Hair, Skin and Nails
Hair, Skin, and Nails – Why are they considered beacons of health? Your physical appearance can tell you a lot about your internal health. Most natural health practitioners include a physical examination since the condition of your hair, skin, and nails can be indicators of underlying health issues, like nutrient deficiencies, hormonal imbalances, and the health of your digestive system.
The growth and maintenance of healthy hair, skin, and nails is dependent on your intake, and absorption of a variety of nutrients, including plenty of vitamins and minerals. You should regularly check out the appearance and condition of your hair, skin, and nails for clues as to what foods, and therefore what nutrients your diet may be lacking.
Physical signs that you may be lacking something in your diet
Fingernails and toenails
Healthy nails are clear, smooth, and flexible. Like hair, healthy nails should be in a continuous cycle of re-growth. The following color or texture changes in your nails are common signs of nutrient deficiencies:
White spots: If you notice white spots on your nails, you may not be getting enough zinc in your diet.
Good sources of zinc include:
leafy green vegetables
Horizontal ridges along your nails may indicate either a zinc or iron deficiency.
Good sources of iron include:
beans and legumes
leafy green vegetables
To enhance your body’s absorption of iron, pair iron-rich foods with a good source of vitamin C, like citrus fruits, strawberries, or bell peppers.
Did you know that the health of your skin is closely tied to the health of your gut and liver function? These two rather essential organs (your skin and liver) are processing and detoxifying everything – including foods, drinks, supplements, and medicines – pretty much everything you take in from the outside world. Inflammatory skin conditions, like acne, eczema, and skin rashes are common symptoms of leaky gut syndrome – when the walls of the small intestine become thin and too permeable or “leaky”.
Breakouts and rashes can also be symptoms of a sluggish liver. Your liver’s primary responsibility is detoxification. So a poor diet, medication, and excessive alcohol intake can result in a slow, congested liver that is less efficient at doing its job. Inflammatory skin conditions can also result from food intolerance and/or allergies. Many people have intolerances to gluten and dairy products.
Additionally, excessive intake of sugar and refined carbohydrates can also disrupt normal gut function that often results in skin irritations. Dry or flaky skin can signal a lack of healthy Omega-3 fats in the diet. Avoiding foods you are intolerant to, adding in more Omega-3-rich foods, and supplementing with probiotics, plus a high quality fish oil may benefit your skin.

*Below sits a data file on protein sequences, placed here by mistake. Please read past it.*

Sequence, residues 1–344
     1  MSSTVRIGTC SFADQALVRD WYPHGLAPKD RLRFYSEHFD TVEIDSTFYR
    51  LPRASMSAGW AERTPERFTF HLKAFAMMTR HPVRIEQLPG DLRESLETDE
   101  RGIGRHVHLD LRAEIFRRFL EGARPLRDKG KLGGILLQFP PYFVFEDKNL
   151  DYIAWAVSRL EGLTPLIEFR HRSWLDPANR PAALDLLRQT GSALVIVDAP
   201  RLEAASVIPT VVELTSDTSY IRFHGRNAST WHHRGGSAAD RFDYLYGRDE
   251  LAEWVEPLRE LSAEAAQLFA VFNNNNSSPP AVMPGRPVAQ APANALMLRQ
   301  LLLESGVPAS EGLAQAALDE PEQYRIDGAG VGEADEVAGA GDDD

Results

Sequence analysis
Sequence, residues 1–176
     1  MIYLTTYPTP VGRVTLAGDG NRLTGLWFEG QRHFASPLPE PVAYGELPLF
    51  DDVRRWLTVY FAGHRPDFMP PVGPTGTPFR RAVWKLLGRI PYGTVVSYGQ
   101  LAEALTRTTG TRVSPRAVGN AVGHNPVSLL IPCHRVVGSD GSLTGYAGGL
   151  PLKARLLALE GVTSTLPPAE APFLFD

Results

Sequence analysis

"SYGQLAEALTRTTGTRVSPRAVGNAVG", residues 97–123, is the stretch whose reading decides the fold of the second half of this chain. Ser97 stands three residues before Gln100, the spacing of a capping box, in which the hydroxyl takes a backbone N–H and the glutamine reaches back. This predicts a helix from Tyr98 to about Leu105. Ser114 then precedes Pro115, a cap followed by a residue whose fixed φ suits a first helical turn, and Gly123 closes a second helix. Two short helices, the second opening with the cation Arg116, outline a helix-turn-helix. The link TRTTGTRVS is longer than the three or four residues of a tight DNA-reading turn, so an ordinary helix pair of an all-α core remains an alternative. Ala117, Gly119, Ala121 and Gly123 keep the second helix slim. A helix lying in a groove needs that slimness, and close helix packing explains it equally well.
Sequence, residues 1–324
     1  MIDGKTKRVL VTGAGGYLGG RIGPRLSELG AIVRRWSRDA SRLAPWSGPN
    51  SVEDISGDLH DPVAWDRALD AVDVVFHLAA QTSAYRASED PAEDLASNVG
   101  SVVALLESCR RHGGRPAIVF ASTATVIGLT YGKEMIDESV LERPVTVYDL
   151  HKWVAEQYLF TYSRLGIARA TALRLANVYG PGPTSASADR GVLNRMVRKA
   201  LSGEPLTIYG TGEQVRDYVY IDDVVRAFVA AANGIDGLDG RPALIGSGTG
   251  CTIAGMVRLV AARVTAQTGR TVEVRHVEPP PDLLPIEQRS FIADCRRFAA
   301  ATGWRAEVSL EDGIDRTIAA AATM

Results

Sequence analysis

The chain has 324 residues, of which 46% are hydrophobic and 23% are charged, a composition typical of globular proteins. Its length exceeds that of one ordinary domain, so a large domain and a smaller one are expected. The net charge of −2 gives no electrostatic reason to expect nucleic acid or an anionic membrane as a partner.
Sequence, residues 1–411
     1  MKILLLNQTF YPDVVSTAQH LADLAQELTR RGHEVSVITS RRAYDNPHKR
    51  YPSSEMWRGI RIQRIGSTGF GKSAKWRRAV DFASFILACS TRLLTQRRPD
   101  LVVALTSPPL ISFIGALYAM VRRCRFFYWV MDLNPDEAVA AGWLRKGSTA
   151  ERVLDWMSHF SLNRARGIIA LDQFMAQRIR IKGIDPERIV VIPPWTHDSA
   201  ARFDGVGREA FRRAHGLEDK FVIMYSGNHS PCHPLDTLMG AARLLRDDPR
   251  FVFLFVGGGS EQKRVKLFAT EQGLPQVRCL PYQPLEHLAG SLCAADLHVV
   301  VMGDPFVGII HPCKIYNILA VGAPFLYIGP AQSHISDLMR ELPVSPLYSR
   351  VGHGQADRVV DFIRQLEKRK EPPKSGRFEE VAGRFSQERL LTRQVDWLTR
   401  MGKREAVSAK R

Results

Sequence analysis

Healthy hair is soft, elastic, and should also be in a continuous cycle of re-growth. Hair should NOT easily break or fall out. While no one wants to deal with premature hair loss, that’s exactly what can happen if your diet is lacking certain nutrients and/or you have an undetected health issue. If you are noticing you’re shedding a few hairs each day though — RELAX! That’s totally normal as hair follicles move through their growth cycle.
However, excessive shedding that results in noticeable hair thinning and/or changes in hair texture, like dryness or brittleness, can result from:
Thyroid hormone imbalance, resulting in hypo or hyperthyroidism. Have blood levels checked regularly.
Not enough protein – the main building block of new hair growth. Include a good source of protein, such as meat, poultry, seafood, eggs, beans, or nuts, with each meal to meet your daily requirements
Not enough omega-3’s – healthy fats help keep hair and scalp conditioned with the production of natural oils. Consider taking a fish oil supplement and frequently include good sources of Omega-3’s, like walnuts, chia seeds, and fatty fish, in your diet
Lacking vitamins & minerals – Iron – Zinc – B vitamins
A DIY Trail Mix is an easy way to combine essential nutrients that help promote healthy hair, skin, and nails. Raw nuts and seeds are good sources of Omega-3 fats, as well as key minerals like zinc. Natural sweet-makers like dark chocolate and raisins are good sources of iron and punch up the flavor and fun of your mix too.
Be creative, incorporate more whole and snackable foods into your diet and get to mixing – for your hair, skin and nails’ sake!